My chiropodist, in common with many people in West Wales, has at least two jobs – the other one I know about is being a supply teacher. The economics of living here have always been more difficult than some areas of the UK so residents tend to be versatile and enterprising. Not many years ago I worked on surveying and ‘listing’ buildings, a poorly paid (shame on you Cadw) but extremely interesting job. Not all the buildings were houses. We listed bridges, milestones, canal locks and all manner of industrial and agricultural features.
I used to love the industrial remains; ironworks in Merthyr Tydfil, canals in the Neath Valley, coalfields in Pembrokeshire and especially the limekilns which are scattered around the coast near many of our beaches. These curious stone structures were once used to produce lime to improve the soil on local fields and also lime for ‘lime washing’ houses. Limestone and culm (inferior coal) were brought in by small ships and loaded into the limekiln ‘crucible’ in alternate layers. This was then lit and the fire burnt for several days at a very high temperature to produce quicklime.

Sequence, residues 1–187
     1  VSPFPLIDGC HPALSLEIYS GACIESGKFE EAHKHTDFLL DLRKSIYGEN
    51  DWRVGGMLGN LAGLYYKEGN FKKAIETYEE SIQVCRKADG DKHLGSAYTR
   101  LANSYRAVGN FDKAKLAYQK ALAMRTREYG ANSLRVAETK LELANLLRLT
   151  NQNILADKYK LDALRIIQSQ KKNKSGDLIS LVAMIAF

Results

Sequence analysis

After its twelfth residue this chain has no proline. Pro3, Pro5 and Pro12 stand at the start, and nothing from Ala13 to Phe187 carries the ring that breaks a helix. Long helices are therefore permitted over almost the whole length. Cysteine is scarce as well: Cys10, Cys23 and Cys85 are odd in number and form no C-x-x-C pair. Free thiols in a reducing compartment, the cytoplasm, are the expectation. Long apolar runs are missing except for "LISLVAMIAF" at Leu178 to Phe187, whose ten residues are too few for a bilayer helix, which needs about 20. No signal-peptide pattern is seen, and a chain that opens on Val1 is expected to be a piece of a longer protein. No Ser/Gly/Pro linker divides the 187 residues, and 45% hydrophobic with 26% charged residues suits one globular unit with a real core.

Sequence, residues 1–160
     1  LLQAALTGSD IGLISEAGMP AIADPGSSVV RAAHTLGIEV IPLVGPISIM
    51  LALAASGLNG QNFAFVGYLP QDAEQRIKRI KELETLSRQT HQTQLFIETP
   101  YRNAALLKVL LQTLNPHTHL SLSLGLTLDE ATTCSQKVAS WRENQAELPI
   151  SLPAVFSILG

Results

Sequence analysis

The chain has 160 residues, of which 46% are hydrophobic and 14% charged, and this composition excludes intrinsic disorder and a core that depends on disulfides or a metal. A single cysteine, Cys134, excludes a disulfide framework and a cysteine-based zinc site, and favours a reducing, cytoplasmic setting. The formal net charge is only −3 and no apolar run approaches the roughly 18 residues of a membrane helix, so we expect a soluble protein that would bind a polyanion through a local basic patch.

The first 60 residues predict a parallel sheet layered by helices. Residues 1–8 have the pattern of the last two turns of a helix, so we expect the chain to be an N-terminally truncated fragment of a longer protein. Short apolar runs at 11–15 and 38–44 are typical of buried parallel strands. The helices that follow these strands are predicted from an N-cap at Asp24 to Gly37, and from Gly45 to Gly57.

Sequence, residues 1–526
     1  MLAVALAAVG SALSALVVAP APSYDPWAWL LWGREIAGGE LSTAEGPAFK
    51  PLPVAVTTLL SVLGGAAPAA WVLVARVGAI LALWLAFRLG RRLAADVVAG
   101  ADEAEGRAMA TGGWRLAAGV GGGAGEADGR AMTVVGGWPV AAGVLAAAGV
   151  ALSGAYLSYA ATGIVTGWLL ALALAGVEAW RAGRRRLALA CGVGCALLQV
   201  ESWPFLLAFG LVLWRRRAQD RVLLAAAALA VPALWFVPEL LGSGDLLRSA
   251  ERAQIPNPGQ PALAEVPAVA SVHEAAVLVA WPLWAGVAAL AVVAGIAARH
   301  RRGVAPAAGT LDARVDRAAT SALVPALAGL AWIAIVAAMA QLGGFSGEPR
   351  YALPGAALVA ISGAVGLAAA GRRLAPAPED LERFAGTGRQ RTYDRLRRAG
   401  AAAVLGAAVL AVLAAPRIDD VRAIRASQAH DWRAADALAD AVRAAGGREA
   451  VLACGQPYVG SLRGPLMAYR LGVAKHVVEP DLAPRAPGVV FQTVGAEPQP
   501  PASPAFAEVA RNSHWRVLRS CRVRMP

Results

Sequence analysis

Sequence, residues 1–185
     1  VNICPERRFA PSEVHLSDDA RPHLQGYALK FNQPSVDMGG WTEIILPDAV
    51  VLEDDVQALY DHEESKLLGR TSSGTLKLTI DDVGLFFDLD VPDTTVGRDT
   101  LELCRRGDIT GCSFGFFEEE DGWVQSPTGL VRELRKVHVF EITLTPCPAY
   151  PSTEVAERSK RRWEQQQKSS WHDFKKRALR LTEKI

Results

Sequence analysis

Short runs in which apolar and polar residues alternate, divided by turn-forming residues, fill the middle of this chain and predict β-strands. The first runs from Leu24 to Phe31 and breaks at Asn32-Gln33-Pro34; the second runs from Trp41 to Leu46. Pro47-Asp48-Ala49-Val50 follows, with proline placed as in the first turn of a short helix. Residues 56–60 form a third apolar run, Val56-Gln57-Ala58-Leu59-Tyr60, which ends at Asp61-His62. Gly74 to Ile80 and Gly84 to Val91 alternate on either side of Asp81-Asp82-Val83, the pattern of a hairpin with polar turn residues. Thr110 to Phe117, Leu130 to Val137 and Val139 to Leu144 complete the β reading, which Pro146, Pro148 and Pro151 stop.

You can see examples in West Wales near the beaches at Llangrannog, Mwnt, Cwmtydu, Newport, Tenby and many other places. These relics of a simpler but harder age are the survivors of many more that rapidly disappeared due to the ravages of time and the changes in farming practices.